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China Embraces Nuclear Future

China has nine operating nuclear power plants, including the Daya Bay facility in Shenzhen.
China has nine operating nuclear power plants, including the Daya Bay facility in Shenzhen. (Color China)

Another communist state, the Soviet Union, seized on nuclear power in the 1970s and '80s as an answer to its energy problems, putting up about a dozen poorly designed plants. That culminated in the Chernobyl disaster of 1986, which spread radiation across Europe in the world's worst nuclear accident.

"The safety issue is simply not something the Chinese government can afford to overlook," said Ailun Yang, climate and energy campaign manager for Greenpeace China. "The situation in China is that there will be huge populations around. What will happen if there is a Chernobyl in China?"

The Chinese government has emphasized a commitment to safety and is relying heavily on Western contractors such as Westinghouse to teach its engineers to build and operate plants.

China has nine working nuclear power plants, most on the coast. Two other plants were recently completed and will be hooked up to the electricity grid later this year. Dozens more are in the planning stage.

A Massachusetts Institute of Technology report said China may have to add as many as 200 nuclear power plants by 2050 to meet its needs. Academics from China's leading technical university, Tsinghua University, said the country might need more, equivalent to the output of 300 plants.

In comparison, the United States has just more than 100 operating nuclear plants. Nuclear power has effectively been on hold in the United States since the 1979 accident at Three Mile Island in Pennsylvania, but, with encouragement from the Bush administration, companies are thinking about ordering new plants.

Leon Reiter, a former member of the U.S. Nuclear, said countries are converging on the same conclusion as the world's supply of energy resources such as coal and oil grow scarcer and costlier.

"It is hard to imagine any way for us to come up with the energy we need without nuclear power," Reiter said.

China is talking about addressing the safety issue with a cookie-cutter plant of its own design that would be built in dozens of places. As in the United States, engineers in China want to build a plant whose fuel core cannot melt down and release radioactivity into the environment. Groundbreaking for an experimental $416 million Chinese plant is scheduled for 2009.

Even if the safety issue in China is solved, the country will confront a problem that has bedeviled nuclear power everywhere: what to do with the radioactive waste.

In a conventional power plant, fossil fuels that have been trapped underground for millions of years are burned, generating heat that can be used to run electricity-generating turbines. The burning releases carbon dioxide into the atmosphere. Scientists have concluded that the gas, by trapping extra heat from the sun, is warming the Earth and is likely to create severe environmental problems.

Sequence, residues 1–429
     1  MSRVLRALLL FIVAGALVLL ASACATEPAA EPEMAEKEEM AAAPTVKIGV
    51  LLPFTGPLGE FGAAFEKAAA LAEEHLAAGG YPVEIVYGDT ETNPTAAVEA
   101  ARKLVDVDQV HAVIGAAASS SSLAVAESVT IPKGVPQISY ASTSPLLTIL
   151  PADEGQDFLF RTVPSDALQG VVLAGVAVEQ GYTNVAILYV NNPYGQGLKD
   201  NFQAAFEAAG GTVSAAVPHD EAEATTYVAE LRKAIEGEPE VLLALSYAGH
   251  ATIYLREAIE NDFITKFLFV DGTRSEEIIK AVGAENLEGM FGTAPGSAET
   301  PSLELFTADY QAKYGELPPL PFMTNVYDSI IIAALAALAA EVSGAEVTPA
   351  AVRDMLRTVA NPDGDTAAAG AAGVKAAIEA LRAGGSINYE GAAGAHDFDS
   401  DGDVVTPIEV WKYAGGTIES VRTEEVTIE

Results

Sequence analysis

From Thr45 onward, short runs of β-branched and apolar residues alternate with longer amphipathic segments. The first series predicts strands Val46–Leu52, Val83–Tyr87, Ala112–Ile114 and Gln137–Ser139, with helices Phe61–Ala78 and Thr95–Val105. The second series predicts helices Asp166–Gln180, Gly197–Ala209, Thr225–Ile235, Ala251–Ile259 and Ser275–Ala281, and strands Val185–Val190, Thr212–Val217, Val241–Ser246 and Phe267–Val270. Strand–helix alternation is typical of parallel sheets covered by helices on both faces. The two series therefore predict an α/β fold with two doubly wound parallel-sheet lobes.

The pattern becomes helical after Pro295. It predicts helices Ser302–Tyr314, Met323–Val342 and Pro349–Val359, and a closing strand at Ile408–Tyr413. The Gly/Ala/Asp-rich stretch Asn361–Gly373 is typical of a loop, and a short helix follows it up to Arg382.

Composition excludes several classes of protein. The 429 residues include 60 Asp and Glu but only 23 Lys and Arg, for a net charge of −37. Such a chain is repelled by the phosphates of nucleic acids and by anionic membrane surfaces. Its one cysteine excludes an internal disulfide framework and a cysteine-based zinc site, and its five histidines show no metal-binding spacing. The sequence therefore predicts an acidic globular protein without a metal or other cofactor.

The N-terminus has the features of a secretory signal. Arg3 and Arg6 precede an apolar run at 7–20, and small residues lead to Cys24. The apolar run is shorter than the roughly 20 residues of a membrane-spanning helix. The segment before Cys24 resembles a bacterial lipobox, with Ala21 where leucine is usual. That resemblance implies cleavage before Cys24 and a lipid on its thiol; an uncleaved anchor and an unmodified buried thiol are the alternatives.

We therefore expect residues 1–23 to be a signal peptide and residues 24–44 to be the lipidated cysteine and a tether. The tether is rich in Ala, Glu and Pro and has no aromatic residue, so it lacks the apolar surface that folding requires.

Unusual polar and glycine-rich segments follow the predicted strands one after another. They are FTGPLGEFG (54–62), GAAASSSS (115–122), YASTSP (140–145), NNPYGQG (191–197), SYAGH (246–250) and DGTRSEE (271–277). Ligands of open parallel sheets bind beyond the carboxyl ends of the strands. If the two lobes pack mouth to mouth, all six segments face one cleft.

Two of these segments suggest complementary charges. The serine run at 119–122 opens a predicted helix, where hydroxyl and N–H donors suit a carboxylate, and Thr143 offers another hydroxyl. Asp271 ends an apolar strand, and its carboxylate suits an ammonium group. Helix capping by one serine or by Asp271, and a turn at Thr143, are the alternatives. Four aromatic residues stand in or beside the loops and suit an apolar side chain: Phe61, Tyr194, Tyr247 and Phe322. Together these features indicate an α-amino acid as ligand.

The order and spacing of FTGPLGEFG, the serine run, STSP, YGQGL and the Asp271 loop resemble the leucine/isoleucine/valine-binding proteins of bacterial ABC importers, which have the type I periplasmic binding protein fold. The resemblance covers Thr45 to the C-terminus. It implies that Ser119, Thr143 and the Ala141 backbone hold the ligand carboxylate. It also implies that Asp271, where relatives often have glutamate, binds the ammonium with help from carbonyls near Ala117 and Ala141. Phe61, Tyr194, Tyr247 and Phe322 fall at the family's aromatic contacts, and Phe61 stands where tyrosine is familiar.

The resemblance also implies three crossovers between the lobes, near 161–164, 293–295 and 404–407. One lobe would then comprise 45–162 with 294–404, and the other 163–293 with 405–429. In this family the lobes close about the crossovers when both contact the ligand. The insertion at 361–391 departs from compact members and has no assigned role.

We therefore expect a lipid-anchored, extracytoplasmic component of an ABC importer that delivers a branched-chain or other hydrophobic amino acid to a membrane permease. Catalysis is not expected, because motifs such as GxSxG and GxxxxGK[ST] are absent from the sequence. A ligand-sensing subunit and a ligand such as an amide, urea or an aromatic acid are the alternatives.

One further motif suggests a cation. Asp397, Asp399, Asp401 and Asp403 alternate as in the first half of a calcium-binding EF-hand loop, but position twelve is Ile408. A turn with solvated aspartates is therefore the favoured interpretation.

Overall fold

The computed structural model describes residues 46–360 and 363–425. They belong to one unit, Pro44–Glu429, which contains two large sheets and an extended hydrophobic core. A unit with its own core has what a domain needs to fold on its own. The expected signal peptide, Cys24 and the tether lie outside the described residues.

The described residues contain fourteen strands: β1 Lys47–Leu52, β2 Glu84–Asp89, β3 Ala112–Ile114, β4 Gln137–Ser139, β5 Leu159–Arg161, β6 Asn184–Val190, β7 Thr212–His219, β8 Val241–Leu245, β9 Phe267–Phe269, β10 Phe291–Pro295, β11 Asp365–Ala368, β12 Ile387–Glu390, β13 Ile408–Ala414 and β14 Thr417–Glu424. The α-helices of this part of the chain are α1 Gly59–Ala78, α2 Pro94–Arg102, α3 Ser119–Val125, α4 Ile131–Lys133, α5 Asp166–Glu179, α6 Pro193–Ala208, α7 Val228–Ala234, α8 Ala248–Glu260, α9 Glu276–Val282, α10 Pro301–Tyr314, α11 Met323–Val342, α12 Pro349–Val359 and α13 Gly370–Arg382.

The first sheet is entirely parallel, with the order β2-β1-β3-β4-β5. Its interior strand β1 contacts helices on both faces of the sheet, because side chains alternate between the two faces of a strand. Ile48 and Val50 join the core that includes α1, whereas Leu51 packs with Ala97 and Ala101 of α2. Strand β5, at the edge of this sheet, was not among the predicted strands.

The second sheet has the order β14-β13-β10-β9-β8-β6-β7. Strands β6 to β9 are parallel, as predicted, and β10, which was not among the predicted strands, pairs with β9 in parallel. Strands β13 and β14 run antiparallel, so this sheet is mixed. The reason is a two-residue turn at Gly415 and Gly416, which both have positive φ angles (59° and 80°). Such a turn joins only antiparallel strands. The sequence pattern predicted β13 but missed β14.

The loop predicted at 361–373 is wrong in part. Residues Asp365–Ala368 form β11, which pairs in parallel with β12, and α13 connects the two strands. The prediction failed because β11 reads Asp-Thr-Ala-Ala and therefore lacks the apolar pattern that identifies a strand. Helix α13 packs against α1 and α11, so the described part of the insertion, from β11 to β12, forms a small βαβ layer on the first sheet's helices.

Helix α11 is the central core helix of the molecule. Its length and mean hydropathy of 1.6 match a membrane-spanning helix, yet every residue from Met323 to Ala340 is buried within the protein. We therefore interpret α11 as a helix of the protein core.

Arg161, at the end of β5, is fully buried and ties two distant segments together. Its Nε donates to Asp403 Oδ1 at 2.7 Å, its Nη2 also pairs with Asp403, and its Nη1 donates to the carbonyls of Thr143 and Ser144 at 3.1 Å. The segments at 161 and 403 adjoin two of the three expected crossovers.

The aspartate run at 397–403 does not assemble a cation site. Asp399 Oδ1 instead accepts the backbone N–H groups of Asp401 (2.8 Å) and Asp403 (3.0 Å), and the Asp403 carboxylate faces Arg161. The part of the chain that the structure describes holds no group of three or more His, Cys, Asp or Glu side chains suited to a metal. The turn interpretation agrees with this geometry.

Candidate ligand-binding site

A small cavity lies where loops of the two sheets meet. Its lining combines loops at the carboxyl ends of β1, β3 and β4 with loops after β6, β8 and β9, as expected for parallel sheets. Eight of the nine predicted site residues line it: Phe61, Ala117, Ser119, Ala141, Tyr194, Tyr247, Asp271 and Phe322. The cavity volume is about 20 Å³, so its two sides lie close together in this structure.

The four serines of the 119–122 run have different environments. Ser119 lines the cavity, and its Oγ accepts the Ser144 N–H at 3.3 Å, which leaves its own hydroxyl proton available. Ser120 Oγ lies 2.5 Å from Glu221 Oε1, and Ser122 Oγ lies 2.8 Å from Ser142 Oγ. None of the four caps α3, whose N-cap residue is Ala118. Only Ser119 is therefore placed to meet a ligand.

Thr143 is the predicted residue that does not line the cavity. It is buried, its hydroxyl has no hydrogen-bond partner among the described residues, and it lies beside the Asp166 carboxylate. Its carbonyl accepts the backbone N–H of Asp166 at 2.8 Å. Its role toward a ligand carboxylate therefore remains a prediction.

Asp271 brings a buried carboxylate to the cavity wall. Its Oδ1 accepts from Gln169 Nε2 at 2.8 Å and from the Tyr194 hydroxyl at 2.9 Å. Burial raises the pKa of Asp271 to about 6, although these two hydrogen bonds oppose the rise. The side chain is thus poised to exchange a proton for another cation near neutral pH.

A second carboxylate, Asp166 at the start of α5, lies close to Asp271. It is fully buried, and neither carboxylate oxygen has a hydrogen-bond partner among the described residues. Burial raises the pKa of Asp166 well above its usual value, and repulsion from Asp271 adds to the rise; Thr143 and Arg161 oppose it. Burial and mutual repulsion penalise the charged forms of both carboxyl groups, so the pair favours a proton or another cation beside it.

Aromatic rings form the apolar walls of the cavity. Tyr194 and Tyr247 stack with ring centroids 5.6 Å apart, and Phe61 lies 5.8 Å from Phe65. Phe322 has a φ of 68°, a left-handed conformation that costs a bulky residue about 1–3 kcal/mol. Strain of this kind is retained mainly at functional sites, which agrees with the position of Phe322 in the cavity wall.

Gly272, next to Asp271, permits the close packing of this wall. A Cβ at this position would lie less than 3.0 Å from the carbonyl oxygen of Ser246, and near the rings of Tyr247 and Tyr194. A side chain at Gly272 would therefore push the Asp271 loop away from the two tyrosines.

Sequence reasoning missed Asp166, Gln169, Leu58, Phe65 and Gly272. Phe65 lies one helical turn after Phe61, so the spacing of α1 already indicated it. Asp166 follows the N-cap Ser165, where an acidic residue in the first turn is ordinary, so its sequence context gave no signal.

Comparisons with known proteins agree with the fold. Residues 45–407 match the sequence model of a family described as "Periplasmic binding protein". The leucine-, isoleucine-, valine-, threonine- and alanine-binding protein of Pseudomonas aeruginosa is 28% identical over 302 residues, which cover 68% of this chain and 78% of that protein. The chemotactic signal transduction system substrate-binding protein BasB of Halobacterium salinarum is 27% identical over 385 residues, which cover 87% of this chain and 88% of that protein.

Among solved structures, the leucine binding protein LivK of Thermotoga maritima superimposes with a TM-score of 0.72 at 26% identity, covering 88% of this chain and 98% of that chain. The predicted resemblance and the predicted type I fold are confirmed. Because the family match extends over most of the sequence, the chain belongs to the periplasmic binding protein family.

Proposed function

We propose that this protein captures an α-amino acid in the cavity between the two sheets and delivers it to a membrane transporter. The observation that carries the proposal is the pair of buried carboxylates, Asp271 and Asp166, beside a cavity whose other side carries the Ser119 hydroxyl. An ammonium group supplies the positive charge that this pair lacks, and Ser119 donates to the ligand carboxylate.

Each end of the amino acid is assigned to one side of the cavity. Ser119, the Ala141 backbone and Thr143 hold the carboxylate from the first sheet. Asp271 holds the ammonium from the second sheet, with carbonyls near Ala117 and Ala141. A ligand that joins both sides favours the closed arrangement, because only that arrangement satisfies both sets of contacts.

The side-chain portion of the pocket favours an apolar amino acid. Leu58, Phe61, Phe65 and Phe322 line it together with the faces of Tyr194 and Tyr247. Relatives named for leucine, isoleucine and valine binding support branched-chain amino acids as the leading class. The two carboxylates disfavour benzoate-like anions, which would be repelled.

Nuclear plants generate heat by splitting atoms of uranium. They give off no greenhouse gases, but as the nuclear reaction proceeds, the uranium is transformed into other elements, some of which remain radioactive for many centuries.

As a rule, the spent fuel is stored temporarily in water-filled tanks near nuclear plants. In democratic countries, the question of final disposal has provoked huge, seemingly endless fights, including one in the United States over whether to dispose of the spent fuel at an underground site at Yucca Mountain in Nevada.

The idea behind a disposal site is simple: Stick the waste in a sealed container, place it deep underground, and leave it there until the radiation goes away. But in practice, finding appropriate sites has been difficult because of worries about earthquakes or ground water spreading the radiation.

In the desert of Central Asia, China is planning its own version of Yucca Mountain, albeit without serious opposition. Some local leaders have protested the Beishan Mountain disposal project, but their concerns have been muted.

The Beishan Mountains are a lonely outpost, with the closest permanent residents more than 60 miles away. The only people who venture here are nomadic Mongolian herdsmen with goats and camels. They move from one small oasis to another in what is otherwise a desolate, gray desert for hundreds of miles around. The only signs of the nuclear waste site to come are the dark tents that scientists put up and take down as they test rock layers to find the best place for disposal.

Chinese officials have not announced specifics of the Beishan waste disposal site, but Wang Ju, head of the waste repository project for the Beijing Research Institute of Uranium Geology of the state-run China National Nuclear Corp., said the schedule for construction had been sped up to match the country's increasing use of nuclear power.

Xu Mingqi, deputy director of the Institute of World Economy at the Shanghai Academy of Social Sciences, who researches energy issues, said the Chinese government is well aware of the stakes.

"If we do not bury it properly," Xu said, " it could be an even bigger problem than the pollution problem we have now."

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